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In re Ellison

Supreme Court of Indiana

December 20, 2017

In the Matter of: Marcus E. Ellison, Respondent.

          Attorney Discipline Action Hearing Officer William J. Boklund

          RESPONDENT PRO SE Marcus E. Ellison South Bend, Indiana

          ATTORNEYS FOR THE INDIANA SUPREME COURT DISCIPLINARY COMMISSION G. Michael Witte, Executive Director Angie L. Ordway, Staff Attorney Indianapolis, Indiana

          Per Curiam

         We find that Respondent, Marcus Ellison, committed attorney misconduct by neglecting an appeal and thereafter engaging in a pattern of dishonesty in an effort to cover up his neglect. For this misconduct, we conclude that Respondent should be suspended for at least 90 days without automatic reinstatement.

         This matter is before the Court on the report of the hearing officer appointed by this Court to hear evidence on the Indiana Supreme Court Disciplinary Commission's "Disciplinary Complaint." Respondent's 2001 admission to this state's bar subjects him to this Court's disciplinary jurisdiction. See Ind. Const. art. 7, § 4.

          Procedural Background and Facts

         The Commission filed a "Disciplinary Complaint" against Respondent on April 4, 2017. Respondent was served with the complaint but did not respond. Accordingly, the Commission filed a "Motion for Judgment on the Complaint, " and the hearing officer took the facts alleged in the disciplinary complaint as true.

         No petition for review of the hearing officer's report has been filed. When neither party challenges the findings of the hearing officer, "we accept and adopt those findings but reserve final judgment as to misconduct and sanction." Matter of Levy, 726 N.E.2d 1257, 1258 (Ind. 2000).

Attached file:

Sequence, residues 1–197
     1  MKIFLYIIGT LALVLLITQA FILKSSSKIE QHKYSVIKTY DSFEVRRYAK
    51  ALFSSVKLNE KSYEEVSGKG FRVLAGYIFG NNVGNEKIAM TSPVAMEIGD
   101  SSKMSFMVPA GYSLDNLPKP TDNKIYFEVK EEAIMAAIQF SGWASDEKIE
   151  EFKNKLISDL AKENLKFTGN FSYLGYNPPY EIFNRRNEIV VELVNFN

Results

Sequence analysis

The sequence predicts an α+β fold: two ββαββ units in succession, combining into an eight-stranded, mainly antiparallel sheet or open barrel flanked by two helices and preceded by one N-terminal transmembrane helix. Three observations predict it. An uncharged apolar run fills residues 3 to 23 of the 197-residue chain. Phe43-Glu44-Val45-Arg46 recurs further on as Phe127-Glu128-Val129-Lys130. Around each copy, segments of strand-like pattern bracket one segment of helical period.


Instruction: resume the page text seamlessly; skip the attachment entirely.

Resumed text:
Respondent agreed to represent "Client" in an appeal from the denial of Client's petition to expunge her misdemeanor theft conviction. Respondent supervised a pro bono expungement clinic sponsored by Ivy Tech and staffed by students, but Respondent had never done an appeal. Respondent filed a notice of appeal in September 2015, and notice of completion of the transcript was filed in November 2015, making an appellant's brief due in December 2015.

         Respondent did not timely file an appellant's brief. Thereafter, Client emailed

         Respondent several times to inquire about the status of her appeal. Twice, Respondent replied by falsely implying that a brief had been filed.

         In March 2016, an entry was made on the online appellate docket indicating the appeal was being transmitted for dismissal due to the failure to file an appellant's brief. Client saw this entry and emailed Respondent, demanding an explanation and a file-marked copy of the brief Respondent claimed to have filed. Respondent did not promptly reply to this email. Instead, Respondent tendered to the Court of Appeals a motion for leave to file the appellant's brief belatedly. In that motion, Respondent falsely stated that he had prepared an appellant's brief "which was to be appended to transcript and notice of appeal but was apparently not attached." This tender was defective for multiple reasons and was not accepted by the Clerk for filing.

          Meanwhile, Respondent emailed a copy of the tendered appellant's brief to Client, who replied by pointing out to Respondent that ...


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